Wilmore Lions Club looks closely for vision problems
Submitted by Martha Evans Sparks
The Wilmore Lions Club, like its parent organization, Lions Club International, wants to empower volunteers to serve their communities. One of the ways Lions members accomplish that mission is by meeting humanitarian needs.
A special area of need where Lions Clubs are active is vision in general, especially helping those with eye problems who cannot afford glasses or eye care.
Three members of the Wilmore Lions Club did their part to help discover eye problems during the Wilmore Arts and Crafts Festival in October.
Wilmore’s Main Street was blocked off to all but foot traffic for a few hours while vendors sold their wares.
While that was going on, local Lions Club members were testing vision for free for anybody who asked for the service.
Wilmore City Hall allowed the local Lions Club to use their meeting room as a place to test eyes during the festival.
Lions member Paulette Britton acted as “gopher,” making her way up and down Main Street recruiting people for eye tests.
Many were attracted by the fact the test only took about 10 seconds and was free.
Two other Wilmore Lions Club members, Chuck Turner and Dr. Dale Walker, also conducted the testing. Using a hand-held autorefractor borrowed from the Nicholasville Lions Club, Turner and Walker tested approximately 40 people during the festival.
Dr. Maria Kirkpatrick, an optometrist practicing in Versailles and a member of the Wilmore Lions Club, said she has a stationary version of the autorefractor in her office and “uses it all the time.”
Kirkpatrick said this remarkable device can tell you the curvature of someone’s eyeball, “providing a baseline in which to start a prescription. If eyes are not developing correctly in early life — in childhood — it is better to find it out sooner than later.”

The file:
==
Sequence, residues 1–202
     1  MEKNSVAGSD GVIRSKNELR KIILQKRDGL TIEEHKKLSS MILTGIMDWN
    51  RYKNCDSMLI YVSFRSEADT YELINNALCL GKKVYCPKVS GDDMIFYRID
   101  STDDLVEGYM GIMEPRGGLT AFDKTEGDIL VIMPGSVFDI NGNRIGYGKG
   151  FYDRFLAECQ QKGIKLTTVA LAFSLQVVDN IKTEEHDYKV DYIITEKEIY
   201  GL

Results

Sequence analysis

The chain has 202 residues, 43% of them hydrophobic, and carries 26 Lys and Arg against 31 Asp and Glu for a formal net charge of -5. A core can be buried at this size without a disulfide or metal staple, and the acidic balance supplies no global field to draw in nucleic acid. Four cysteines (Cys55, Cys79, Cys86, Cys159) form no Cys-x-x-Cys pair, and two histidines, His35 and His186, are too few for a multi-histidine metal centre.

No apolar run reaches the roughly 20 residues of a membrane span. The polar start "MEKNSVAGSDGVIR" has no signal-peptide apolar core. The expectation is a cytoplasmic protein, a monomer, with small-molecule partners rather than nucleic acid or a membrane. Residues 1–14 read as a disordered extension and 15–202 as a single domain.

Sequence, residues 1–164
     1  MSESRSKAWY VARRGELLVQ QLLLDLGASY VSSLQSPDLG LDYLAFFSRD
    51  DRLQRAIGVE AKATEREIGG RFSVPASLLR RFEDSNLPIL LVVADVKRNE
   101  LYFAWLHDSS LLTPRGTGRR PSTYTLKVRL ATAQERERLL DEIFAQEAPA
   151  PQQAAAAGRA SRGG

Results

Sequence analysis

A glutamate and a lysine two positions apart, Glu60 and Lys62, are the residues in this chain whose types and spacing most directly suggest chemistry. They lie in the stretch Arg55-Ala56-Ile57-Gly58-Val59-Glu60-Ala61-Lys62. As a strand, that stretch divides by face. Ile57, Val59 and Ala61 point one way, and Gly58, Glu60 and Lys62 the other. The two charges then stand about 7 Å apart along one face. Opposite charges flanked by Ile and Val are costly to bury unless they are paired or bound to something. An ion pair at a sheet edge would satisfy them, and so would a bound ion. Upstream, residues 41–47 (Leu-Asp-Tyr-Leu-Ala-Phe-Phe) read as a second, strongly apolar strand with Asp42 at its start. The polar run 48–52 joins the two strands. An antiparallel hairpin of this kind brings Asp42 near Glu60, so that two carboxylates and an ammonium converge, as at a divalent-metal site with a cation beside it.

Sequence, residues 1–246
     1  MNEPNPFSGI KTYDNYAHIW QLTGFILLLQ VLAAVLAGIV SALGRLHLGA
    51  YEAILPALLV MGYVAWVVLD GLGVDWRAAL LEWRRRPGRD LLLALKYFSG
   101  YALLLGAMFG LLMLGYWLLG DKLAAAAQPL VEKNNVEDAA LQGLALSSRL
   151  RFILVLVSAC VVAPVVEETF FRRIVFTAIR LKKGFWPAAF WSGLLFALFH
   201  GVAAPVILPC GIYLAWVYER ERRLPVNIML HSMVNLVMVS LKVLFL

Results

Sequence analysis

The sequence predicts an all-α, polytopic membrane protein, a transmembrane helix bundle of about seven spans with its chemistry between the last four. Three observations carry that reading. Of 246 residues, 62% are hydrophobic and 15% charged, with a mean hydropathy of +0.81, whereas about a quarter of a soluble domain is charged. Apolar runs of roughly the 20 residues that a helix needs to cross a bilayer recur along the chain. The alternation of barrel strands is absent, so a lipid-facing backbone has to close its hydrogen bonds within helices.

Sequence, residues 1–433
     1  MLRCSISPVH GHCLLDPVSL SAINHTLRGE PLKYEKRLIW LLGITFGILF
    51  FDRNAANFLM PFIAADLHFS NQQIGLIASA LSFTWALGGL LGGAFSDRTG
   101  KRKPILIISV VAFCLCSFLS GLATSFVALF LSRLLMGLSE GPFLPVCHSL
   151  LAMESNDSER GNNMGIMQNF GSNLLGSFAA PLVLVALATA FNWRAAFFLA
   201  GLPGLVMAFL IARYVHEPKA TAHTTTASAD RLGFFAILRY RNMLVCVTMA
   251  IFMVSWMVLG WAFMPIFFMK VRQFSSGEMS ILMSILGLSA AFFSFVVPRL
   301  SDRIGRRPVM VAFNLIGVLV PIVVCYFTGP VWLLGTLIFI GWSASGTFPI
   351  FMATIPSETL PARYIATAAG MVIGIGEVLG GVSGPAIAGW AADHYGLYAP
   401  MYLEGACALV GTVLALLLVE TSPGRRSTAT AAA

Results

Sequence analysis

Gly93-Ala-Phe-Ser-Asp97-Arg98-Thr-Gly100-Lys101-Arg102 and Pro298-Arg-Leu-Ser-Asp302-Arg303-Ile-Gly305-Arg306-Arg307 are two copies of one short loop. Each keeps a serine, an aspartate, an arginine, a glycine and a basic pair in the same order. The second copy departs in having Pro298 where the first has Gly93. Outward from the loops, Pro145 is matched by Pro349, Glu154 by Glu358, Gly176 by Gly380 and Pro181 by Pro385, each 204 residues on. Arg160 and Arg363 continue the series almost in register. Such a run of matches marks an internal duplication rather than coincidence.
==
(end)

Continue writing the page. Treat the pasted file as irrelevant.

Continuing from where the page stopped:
The Wilmore testers did not attempt to write prescriptions or give advice beyond telling someone whose eyes did not appear to be in the normal range for proper function and that he or she should see a qualified eye doctor, either an optometrist or an ophthalmologist as quickly as possible.
Jessamine County Judge Executive David West was one of the people attending the festival took time for a test and was so impressed that he left City Hall after his 10-second test, hunted up his wife, children and grandchildren who were somewhere in the festival crowd and shepherded them all in for tests.
They, like the several dozen others tested, achieved the peace of mind found by knowing nothing obviously bad was going on in their eyes.
Only one person tested was found to have an undiagnosed eye problem. That person was advised to see their “eye care professional” as soon as possible.
“The fact we are able to offer this service to the community at no charge was good for the community and for the Lions both,” observed “gopher” Lion Paulette Britton after the event.
When the Lions Club was being organized early in the 20th Century, Helen Keller, who was blind, was quoted as saying she thought one of their goals should be vision.
Lions Club has now become an international organization where vision remains one of its goals.
Our local Lions Clubs embrace this international goal by helping people who cannot afford glasses or even an eye examination.
Perhaps you have seen their closed boxes in local grocery stores or other public places with a label that says, “Lions Club: Donate used glasses here.” Old eye glasses gain a new life when deposited in such a box. Glasses will be collected by a local Lions Club member and given to someone who needs that prescription and cannot afford new glasses.